Anyone who visits Russia’s large cities these days will quickly understand what U.S. President Donald Trump and Prime Minister Benjamin Netanyahu find so fascinating about the former enemy power. There are those who believe that Trump’s desire to be friends with Russian President Vladimir Putin and his country stems from his admiration for the Russian ruler’s strong hand, not to mention the alleged help Russia provided him in last year’s election.
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But the truth is probably much simpler: Russia, at least in its Western European part, now has the whitest population in the world; whiter even than Scandinavia or Germany. You hardly ever see other ethnic groups, except perhaps for a few tourists from East Asia. Russia could serve as the last example of a society jealously guarding its whiteness. And if there’s anything Trump craves, it’s to imitate Putin’s model and give America back to the whites. Not just in the corridors of power but throughout the country: to give the poor whites, who have been shoved into crumbling cities and towns in the south and Midwest, another chance in the land to which they immigrated from Europe 200 years ago.
Putin and his methods also hold enormous charm for Netanyahu. Again, this isn’t just because he envies Putin’s one-man rule, but mainly because of the unwritten agreement Putin seemingly has with his citizens which guarantees that he remains in power. One can easily discern in this white and impoverished Russian society that there is almost no middle class. Observing the vehicle-crammed streets reveals plenty of shiny luxury cars that serve the new oligarchy class, and a few old, cheap cars used by the lower classes. There are almost no newish, efficient cars like those typically used by the Israeli middle class.
But based on the feverish apartment renovations, the addition of English to public signposts, the expansions of the subways in Moscow and St. Petersburg, the meticulously clean streets and other major improvements – one can see Putin is promising his voters that he will help pull them out of the lower classes into the middle class, offering a future for young people. It seems to be convincing them.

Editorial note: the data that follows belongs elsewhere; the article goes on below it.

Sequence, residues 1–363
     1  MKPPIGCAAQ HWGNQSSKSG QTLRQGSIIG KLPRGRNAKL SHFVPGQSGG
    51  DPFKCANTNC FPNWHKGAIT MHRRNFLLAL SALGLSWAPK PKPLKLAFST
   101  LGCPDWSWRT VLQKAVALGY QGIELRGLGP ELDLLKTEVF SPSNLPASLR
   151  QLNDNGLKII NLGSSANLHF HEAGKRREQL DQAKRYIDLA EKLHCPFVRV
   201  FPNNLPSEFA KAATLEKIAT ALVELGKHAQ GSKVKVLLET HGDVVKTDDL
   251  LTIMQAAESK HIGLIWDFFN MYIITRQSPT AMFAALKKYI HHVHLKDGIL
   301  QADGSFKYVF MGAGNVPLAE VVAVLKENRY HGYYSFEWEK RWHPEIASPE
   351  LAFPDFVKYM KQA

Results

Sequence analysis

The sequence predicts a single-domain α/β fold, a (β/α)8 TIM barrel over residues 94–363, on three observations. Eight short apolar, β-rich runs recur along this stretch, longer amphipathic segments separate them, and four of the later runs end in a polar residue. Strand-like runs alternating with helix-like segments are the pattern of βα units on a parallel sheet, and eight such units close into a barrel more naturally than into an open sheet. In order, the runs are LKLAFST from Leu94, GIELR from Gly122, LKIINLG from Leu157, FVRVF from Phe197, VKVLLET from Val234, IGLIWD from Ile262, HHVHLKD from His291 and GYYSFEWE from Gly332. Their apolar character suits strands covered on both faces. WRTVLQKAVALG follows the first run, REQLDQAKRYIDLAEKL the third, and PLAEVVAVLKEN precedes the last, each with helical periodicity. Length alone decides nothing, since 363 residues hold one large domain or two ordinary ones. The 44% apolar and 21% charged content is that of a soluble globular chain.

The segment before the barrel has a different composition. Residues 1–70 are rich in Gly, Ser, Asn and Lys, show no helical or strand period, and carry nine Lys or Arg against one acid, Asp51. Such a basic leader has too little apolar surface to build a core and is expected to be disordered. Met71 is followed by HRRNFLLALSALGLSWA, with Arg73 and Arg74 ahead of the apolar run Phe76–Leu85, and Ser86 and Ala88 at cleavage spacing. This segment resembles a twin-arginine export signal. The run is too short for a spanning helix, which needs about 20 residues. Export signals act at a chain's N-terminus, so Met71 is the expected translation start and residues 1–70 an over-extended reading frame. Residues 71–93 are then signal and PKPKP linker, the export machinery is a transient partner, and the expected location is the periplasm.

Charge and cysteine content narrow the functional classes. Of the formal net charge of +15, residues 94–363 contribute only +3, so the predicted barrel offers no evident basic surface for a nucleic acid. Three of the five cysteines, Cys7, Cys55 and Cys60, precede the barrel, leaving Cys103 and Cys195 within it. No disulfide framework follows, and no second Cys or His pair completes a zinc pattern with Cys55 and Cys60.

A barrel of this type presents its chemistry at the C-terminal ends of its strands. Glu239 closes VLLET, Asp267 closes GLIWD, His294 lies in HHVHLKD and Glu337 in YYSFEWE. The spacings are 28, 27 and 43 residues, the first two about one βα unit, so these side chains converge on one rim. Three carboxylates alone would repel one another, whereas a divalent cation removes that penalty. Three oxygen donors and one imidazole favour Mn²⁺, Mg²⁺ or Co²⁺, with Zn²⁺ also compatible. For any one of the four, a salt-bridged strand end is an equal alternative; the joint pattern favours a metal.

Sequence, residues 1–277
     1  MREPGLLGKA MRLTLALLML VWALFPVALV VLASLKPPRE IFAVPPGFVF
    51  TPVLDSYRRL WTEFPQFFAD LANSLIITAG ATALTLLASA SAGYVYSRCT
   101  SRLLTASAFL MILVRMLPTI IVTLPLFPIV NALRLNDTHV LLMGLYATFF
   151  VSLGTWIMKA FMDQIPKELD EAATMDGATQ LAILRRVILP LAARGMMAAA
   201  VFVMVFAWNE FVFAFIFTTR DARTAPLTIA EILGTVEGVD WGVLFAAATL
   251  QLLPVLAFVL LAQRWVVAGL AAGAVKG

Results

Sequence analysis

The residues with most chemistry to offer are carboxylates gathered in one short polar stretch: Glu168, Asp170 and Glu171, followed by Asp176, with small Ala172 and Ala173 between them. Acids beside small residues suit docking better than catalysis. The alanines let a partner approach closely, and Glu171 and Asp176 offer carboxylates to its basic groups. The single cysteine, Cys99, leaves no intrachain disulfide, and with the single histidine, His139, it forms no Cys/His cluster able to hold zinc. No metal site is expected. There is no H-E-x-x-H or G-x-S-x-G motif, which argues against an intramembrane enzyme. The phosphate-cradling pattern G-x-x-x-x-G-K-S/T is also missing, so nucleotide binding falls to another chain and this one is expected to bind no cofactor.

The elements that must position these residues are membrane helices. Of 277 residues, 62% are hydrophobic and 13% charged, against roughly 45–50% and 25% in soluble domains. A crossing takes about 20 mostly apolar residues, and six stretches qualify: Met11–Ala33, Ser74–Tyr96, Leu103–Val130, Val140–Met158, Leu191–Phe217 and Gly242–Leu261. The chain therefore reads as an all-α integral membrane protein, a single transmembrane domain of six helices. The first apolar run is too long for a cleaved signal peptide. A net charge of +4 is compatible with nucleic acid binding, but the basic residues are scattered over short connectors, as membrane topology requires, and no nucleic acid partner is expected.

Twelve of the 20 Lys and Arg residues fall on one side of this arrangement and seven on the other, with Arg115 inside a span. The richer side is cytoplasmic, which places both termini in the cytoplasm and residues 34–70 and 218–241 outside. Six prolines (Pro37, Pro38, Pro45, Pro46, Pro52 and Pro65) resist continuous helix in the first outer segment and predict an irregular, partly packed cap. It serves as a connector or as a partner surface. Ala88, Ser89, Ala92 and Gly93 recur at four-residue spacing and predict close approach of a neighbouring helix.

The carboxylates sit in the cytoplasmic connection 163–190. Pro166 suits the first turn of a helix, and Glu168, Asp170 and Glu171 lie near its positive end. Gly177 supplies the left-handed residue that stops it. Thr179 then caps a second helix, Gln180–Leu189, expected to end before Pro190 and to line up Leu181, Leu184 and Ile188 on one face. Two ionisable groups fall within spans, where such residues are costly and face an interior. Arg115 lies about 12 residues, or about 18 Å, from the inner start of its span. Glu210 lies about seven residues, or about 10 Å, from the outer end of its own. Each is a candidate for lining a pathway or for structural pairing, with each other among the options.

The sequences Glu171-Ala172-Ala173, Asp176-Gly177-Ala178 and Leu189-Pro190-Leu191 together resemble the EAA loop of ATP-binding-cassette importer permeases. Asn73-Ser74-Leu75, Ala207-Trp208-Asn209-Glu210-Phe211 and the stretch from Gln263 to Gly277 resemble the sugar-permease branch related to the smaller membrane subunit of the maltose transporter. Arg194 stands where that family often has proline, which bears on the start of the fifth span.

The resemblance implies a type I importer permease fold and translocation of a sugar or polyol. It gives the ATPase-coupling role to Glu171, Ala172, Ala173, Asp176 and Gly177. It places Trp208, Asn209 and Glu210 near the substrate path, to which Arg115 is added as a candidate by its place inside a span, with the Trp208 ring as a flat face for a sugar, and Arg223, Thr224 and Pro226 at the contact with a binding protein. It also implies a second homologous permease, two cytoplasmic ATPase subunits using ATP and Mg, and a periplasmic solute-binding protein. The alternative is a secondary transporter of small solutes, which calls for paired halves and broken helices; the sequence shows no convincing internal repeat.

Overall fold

Putin’s regime, therefore, is not based solely on oppression, but mainly on the promise to improve the state of the lower classes. Netanyahu tried to base his regime on a similar model. Since the right assumed power in Israel in 1977 – and particularly during the 20 years in which Netanyahu has been in the public arena – its primary objective, like Putin’s, has been to secure the votes of the lower classes (not including the Arabs, of course) in return for their gradual entry into the middle class.
While the old middle class, which is mostly Ashkenazi and generally votes for center and left parties, doesn’t interest the current right-wing government, the rising middle class is the core of Likud’s support.
But there may be some good news at the end of this 40-year process. As part of this rise, better education is inevitable and the demands from government change completely. It is very possible that the new middle class, that Netanyahu helped create, is now open to political change.